On Saturday we partnered with Grumpy’s Green and Touch Records to launch The Broken Needle’s Vinyl, “Holy Coast”, for bitcoin. It was a massive night for all involved, and we got to have some fun, set up wallets and pay for our drinks with bitcoin.
CoinJar helped the bands manage their merchandise table, and set everyone up with wallets loaded with 20mBTC to go buy a drink. Grumpy’s Green were also doing half price wings and pints if you paid with bitcoin, so a lot of bitcoin beginners became pros very quickly.
Why sell records?
We thought this would be a great event to be involved with because it would take us out of the normal demographics we engage with (often very tech savvy, and usually exposed to bitcoin in some way). It was also an opportunity to demonstrate the transactional nature of the currency in a real setting. While it is nerve wracking dropping 20mBTC in someone’s wallet and then sending them on their way, people can get very tech savvy when there’s a free drink involved. We also love doing whatever we can to support local businesses and the arts in our home town. On top of that, who doesn’t like having a drink and seeing a band every so often? It was certainly a nice change to conferences and trade shows.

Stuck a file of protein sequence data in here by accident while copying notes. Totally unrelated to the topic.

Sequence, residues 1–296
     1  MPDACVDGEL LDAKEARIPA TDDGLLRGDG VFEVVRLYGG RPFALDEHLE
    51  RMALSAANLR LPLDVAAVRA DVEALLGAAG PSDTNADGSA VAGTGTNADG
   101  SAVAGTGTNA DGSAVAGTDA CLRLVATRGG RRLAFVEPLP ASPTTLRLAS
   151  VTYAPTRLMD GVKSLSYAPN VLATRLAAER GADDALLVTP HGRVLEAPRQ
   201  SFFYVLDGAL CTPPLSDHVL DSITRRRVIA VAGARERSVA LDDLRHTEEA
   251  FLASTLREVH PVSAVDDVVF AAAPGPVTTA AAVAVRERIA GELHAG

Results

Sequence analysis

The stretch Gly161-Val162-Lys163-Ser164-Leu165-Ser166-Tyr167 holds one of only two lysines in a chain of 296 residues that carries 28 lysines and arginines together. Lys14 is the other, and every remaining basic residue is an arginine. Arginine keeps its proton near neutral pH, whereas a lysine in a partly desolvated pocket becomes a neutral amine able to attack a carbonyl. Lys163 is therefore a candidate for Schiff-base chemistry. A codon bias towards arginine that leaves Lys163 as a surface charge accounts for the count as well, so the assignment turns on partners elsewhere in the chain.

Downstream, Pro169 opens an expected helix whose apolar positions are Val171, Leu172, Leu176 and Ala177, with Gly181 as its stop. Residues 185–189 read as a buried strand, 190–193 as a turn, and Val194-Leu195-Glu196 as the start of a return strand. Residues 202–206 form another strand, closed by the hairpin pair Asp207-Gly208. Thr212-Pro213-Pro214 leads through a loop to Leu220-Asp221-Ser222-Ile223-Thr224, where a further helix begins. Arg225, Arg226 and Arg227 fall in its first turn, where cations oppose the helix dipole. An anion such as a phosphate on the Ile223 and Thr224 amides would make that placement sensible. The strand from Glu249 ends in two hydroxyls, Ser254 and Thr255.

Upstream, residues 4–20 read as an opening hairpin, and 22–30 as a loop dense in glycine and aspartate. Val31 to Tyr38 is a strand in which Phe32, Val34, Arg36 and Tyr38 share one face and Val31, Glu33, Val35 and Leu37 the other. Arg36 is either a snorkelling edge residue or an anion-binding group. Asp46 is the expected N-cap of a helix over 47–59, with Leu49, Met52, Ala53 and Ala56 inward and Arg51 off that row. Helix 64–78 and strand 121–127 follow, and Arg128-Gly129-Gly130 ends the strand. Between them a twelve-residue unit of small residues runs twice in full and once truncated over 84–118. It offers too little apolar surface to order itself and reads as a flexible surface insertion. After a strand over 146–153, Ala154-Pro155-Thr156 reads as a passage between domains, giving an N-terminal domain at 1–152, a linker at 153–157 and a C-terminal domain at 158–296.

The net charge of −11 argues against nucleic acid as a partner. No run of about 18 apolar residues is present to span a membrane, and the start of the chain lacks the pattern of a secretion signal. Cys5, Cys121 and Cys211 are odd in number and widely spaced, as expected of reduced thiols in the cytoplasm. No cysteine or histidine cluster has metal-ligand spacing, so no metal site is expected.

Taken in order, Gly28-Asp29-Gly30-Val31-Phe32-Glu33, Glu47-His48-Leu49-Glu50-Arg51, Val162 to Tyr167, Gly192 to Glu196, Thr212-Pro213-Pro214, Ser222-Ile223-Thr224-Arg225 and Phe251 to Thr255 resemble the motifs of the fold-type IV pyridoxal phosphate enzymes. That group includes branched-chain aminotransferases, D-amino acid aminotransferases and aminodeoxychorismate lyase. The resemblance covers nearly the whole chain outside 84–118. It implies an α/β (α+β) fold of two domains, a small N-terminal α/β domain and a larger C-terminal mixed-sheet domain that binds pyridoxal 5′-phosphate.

Giving out bitcoin
Sam had his trusty laptop, and was setting people up with CoinJar wallets, crediting their accounts, handing out packs all whilst demoing his Oculus. In the end everyone got their bitcoin beer. We were also a bit worried about how the bar staff would cope, but there weren’t any hiccups and thanks to DC POS their transactions were as simple, if not simpler, as a traditional card payment (and certainly more hygienic than cash).
Obviously the bands were great and all very passionate about their craft. For musicians, the current payment system is a broken model. They sell a truly borderless product, however are forced to go through the various third party processors who take their cut to exchange goods for value globally. The way musicians disseminate content and get rewarded for it needs to change, and traditional money just can’t keep up. So when the guys from the bands got their heads around the technology they all started getting pretty excited.
With bitcoin there isn’t really a huge level of abstraction between the user and the protocol. In every other financial system there are layers of ‘apps’ built on the stack. So by the time a user interacts with money they’ve had the features distilled and the grunt work done. We’re still at the ‘IP addresses and manual connection’ days if you make a correlation to the history of the internet. The fact that a consumer is able to transact at all on mobile with virtually no setup is a testament to the work we’ve done as a community already.